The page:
- John Condron, MS, LCPC, MAC
Why do we worry?
John Condron, LCPC, Clinical Director of Willow Sage Services, a mental health clinic in Pocatello, is fond of saying “Worry is stress over something that has not happened and may never happen.”
We all worry, but some of us worry so much that it interferes with our lives and can even become a mental health problem. But why do we worry? What does it accomplish? Does it help us?
Unhelpful Thinking Habits
Referred to as “cognitive distortions” in textbooks, Condron prefers to call the following exaggerated or irrational beliefs “unhelpful thinking habits.” As indicated above, they form the basis of mental illnesses such as Depression and anxiety disorders. But they are also the causes of the worry that plagues most of us.
Here are ten delusional beliefs held by many chronic worriers:
1. “I’m a born worrier”. Not so. Worriers are not born; they are made. Though anxiety has a small genetic component to it, there is no evidence that worrying is inherited. True, your mother or your father may have been a worrier, but it is likely that you simply learned the habit from them.
2. “I worry about things because they are likely to happen.” The opposite might actually be true. Most of the things about which we worry are highly unlikely to ever happen, but the more you worry about something, the more you think it’s likely to happen. In fact, worrying about it might make it – or something worse -- more likely to happen!
3. “The things I’ve worried about in the past didn’t happen because I worried about them!” Most of the things we worry about are never likely to happen. If it didn’t happen, it was probably because it never would have happened. Worrying alone never prevented anything from happening; but it surely causes lots of unnecessary stress.
4. “I am the cause of the bad things that happen to and around me.” This is known as “personalization.” It is very common, even normal, in young children; but it doesn’t fully go away as we get older.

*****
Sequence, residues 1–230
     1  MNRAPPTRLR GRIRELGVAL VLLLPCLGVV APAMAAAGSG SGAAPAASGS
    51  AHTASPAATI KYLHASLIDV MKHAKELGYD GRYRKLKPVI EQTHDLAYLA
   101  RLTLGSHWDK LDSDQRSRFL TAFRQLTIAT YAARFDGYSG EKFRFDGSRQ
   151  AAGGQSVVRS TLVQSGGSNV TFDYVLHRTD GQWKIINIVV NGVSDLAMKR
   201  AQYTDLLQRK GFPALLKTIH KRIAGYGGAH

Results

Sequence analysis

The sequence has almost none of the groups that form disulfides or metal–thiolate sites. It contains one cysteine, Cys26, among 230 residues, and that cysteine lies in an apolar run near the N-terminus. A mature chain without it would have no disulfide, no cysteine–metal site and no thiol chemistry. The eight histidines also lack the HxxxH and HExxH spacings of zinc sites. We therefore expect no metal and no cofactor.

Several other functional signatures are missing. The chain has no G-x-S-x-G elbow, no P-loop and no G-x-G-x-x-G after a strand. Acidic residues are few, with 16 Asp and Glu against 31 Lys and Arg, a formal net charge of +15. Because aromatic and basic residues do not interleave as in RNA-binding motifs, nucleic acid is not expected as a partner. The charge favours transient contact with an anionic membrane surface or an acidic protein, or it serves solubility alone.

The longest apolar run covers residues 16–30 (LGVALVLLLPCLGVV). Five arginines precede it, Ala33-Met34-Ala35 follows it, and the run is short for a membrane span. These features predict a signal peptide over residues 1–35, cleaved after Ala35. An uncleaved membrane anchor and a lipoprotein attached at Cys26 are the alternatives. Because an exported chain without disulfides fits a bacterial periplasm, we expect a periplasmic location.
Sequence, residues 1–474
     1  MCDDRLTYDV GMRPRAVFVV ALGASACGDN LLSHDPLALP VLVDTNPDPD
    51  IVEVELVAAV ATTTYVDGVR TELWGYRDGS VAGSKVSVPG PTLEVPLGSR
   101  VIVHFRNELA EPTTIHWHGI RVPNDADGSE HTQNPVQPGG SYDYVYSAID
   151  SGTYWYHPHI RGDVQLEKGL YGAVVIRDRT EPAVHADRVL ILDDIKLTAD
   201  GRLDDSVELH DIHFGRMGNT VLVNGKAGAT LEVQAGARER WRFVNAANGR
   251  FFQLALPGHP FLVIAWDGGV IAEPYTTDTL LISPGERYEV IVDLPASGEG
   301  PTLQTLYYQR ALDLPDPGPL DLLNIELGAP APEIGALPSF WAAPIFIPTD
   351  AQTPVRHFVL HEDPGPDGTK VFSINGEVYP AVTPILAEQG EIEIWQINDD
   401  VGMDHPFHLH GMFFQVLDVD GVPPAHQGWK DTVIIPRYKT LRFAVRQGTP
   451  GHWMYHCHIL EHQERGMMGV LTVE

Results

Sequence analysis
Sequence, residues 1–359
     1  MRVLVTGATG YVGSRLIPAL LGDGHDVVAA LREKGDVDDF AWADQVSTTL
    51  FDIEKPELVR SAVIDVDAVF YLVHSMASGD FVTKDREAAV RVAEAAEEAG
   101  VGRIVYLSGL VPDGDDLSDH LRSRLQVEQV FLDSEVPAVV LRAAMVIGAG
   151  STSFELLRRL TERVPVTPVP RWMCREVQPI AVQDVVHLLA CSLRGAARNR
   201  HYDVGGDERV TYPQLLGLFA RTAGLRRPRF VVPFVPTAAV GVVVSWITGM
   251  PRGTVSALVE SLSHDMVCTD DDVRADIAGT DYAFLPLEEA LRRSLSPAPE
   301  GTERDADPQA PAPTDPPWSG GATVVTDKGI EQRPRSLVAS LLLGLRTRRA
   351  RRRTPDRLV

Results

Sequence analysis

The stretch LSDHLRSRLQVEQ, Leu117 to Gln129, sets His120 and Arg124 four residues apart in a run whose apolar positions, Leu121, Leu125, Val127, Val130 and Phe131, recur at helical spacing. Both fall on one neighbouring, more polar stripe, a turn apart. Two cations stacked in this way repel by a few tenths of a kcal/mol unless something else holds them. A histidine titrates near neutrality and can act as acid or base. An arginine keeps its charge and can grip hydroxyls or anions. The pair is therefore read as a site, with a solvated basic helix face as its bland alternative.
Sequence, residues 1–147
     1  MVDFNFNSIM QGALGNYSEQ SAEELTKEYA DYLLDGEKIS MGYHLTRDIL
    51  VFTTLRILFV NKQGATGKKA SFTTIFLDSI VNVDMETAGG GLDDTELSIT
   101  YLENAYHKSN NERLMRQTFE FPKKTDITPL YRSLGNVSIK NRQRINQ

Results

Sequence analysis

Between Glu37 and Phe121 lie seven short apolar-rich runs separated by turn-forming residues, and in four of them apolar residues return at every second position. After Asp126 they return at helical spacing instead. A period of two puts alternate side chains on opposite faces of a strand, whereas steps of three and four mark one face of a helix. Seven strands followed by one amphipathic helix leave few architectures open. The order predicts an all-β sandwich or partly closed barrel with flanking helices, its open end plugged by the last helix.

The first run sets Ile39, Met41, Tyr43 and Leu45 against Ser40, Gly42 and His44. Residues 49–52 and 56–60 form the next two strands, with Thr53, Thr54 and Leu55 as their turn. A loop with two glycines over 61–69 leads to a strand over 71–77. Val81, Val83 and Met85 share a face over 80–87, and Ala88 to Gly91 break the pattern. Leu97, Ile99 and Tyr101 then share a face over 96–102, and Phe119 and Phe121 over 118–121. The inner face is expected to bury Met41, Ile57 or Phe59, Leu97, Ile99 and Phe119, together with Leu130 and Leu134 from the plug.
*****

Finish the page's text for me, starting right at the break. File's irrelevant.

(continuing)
5. “If I’m anxious about something, that’s my body’s way of telling me it’s a threat or a problem.” We often misread the cues our bodies send us. We might think we are anxious when we are tired, in pain, bored, or in some other negative mood. These feelings don’t mean that what you’re thinking about is a threat or problem.
6. “I’m useless at coming up with solutions, so I have no choice but to worry.” Most chronic worriers are as good as anyone else at thinking of useful solutions, but they lack confidence. The worry itself might even make it more difficult for them to think!
7. “I must think through all the possible things that might happen; otherwise I won’t be prepared.” Worriers are in the habit of continually asking “What if…?” questions. But the more potential catastrophes they generate, the less energy they can devote to real problems… or to enjoying life.
8. “Worrying about others will show them that I care about them.” There’s nothing worse than knowing that someone else is continually worrying about you. If you do care about someone, let them know that in more direct ways.
9. “If I let other people know what they do makes me worry, they will change their behavior.” Chances are, they’ll realize you are trying to manipulate them into doing your bidding, which is likely to trigger anger. Family and friends can easily see through this form of emotional blackmail, which is a major cause of relationship problems.
10. “It is better to spend a lot of time thinking about a problem than to make a snap decision.” Philosophers have told us for 6000 years that it is better to be rational than emotional; the reality is much more complicated. We can make decisions much more quickly with our “but,” using “short-cuts” or “rules of thumb.” We really don’t have to spend a long time thinking through every aspect of every issue before deciding. We just don’t have the time!
If these or other kinds of anxious thoughts are interfering with your life, help is available. To make an appointment with Cognitive Behavior Therapist John Condron, call Willow Sage Services in Pocatello at (208) 233-1276.